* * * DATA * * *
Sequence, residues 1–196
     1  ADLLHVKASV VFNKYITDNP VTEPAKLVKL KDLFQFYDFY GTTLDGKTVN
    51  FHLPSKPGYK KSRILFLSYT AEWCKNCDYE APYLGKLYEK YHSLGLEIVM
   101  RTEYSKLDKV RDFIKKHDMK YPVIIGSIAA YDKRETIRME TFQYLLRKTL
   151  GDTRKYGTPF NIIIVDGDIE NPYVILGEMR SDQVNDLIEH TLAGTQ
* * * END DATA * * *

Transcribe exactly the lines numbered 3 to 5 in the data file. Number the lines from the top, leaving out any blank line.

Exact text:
    51  FHLPSKPGYK KSRILFLSYT AEWCKNCDYE APYLGKLYEK YHSLGLEIVM
   101  RTEYSKLDKV RDFIKKHDMK YPVIIGSIAA YDKRETIRME TFQYLLRKTL
   151  GDTRKYGTPF NIIIVDGDIE NPYVILGEMR SDQVNDLIEH TLAGTQ